Washington National Opera

Appomattox: A Grand Pageant Traces Continuing Rights Struggle

Seen Nov. 20, 2015
Reviewed by Ed Cloos

Appomattox is a grand pageant of history, supported by inventive music. Does that make it an opera? That's difficult to answer since an opera usually dramatizes in music the romance, rise and fall, heroism, tragic fault or, at least, adventure of a human or group of people. In the case of Appomattox the character at its heart is racial equality as exemplified by voting rights.

WNO's world premiere of the second version of the expansive Philip Glass-Christopher Hampton work is a genuine opera, but it tells a story that has yet to be completed. The original, in 2005, carried the story from the end of the Civil War 150 years earlier to the murder of three young civil rights workers in 1965. The libretto later was made into a play that carried the story through the Voting Rights Act of 1965 and into the 21st Century until the Supreme Court decision of Nov. 9, 2012 striking down a significant part of that act. That play is the basis for the present two acts.

The opera doesn't judge any of the events, but the underlying theme is that legal issues decided within the ideological framework of the U.S. Constitution are often not settled for good. Push-back against guaranteed voting rights through voter identification laws, supposedly to guard against vote fraud, is evident today. In a note in the program, Glass speculates that a third act may be needed “within, say, the next 20 years.”

Opera goers being what they are -- older-- much of the audience, including your reporter, lived through all of the story since the 60s. In 50 years that would be the case for very few. The musical merits, rich as they are, may not support performance in 2065.

Today the theme and the music are strong enough to support an opera without songs. It doesn't require world-class singers, but it got fine ones at WNO. The leading figures, 150 years apart, were cast with the same singers:

Abraham Lincoln-Lyndon B. Johnson was baritone Tom Fox, an established figure of the opera stage, He expressed Johnson's outsized, and somewhat earthy, and Lincoln's much less outgoing personalities effectively. Thankfully, there was no attempt to mimic Johnson's Texas drawl.

Solomon Howard, a Washington native, fit the bill as Frederick Douglass and Martin Luther King, Jr., roles expressed primarily through meetings with the President. There was no attempt to recreate Dr. King's stirring speeches. He didn't have much musical opportunity to display his fine bass.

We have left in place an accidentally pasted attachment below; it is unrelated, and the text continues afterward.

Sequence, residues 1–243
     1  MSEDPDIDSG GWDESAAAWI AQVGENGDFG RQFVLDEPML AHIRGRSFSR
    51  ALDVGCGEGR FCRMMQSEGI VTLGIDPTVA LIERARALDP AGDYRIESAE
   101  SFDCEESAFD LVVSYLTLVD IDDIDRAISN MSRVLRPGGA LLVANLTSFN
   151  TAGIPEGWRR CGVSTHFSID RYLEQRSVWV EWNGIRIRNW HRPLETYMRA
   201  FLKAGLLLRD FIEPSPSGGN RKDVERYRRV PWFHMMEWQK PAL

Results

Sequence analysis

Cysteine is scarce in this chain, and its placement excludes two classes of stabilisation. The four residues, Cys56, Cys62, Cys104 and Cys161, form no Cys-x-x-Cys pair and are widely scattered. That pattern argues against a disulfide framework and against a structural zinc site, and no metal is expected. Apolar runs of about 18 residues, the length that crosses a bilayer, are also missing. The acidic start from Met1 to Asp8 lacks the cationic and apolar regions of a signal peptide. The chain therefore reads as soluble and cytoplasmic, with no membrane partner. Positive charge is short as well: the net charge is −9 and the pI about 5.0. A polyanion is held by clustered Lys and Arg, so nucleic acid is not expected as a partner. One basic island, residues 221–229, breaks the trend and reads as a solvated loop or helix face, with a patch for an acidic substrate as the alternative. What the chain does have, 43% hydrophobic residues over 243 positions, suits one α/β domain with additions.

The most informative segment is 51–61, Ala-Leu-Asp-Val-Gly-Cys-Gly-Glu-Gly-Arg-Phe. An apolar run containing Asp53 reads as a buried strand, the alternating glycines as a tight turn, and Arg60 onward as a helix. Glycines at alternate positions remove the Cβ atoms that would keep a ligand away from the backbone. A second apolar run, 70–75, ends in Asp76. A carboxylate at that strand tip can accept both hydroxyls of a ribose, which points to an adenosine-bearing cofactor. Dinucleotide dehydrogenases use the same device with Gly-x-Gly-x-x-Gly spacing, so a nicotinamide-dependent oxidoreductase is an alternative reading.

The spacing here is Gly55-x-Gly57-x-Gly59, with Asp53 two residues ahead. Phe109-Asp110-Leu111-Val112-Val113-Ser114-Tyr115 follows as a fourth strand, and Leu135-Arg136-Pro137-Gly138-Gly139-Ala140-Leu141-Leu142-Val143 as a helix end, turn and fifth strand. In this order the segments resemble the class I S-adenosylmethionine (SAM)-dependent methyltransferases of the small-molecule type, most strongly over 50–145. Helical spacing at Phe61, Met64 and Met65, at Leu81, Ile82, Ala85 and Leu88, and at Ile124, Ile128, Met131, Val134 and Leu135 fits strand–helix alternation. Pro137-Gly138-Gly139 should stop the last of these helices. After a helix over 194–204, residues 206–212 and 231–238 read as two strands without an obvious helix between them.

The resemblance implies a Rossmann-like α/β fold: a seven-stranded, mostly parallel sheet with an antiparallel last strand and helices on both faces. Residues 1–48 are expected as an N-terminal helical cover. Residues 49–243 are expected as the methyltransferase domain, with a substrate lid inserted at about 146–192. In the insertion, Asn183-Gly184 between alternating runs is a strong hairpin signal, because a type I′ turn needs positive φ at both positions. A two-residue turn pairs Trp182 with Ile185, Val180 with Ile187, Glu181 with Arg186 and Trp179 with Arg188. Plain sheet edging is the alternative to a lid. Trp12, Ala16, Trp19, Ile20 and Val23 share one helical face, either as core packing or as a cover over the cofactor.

Baritone Richard Paul Fink, as Ulysses S. Grant and Nicholas deB. Katzenbach, and bass-baritone David Pittsinger as Robert E. Lee and Edgar Ray Killen (convicted in the murder of three young civil rights workers) also had major character roles.

The women in the cast were mostly wives of the leading men, but they provided the best of the actual singing. Soprano Melody Moore, who played Mrs. Grant as well as civil rights martyr Viola Liuzzo, showed her proven ability to soar above a full chorus, especially in the final scene. The chorus was prepared by Steven Gathman, as it has been for more than 100 productions with the company.

Veteran set designer Donald Eastman made a special contribution with an all-purpose set that served without change as interior and exterior of everything from the Robert E. Lee home to the Oval Office of the White House. Scenery changes would have stifled a story covering nearly 50 events.

Tazewell Thompson directed with the consummate skill he's shown so often. He was making his WNO debut, somewhat surprisingly considering his world-wide career and 24 productions locally with Arena Stage.

Conductor Dante Santiago Anzolini has conducted all over the world, including Glass's Satygraha with Metropolitan Opera. He also was making his WNO debut.

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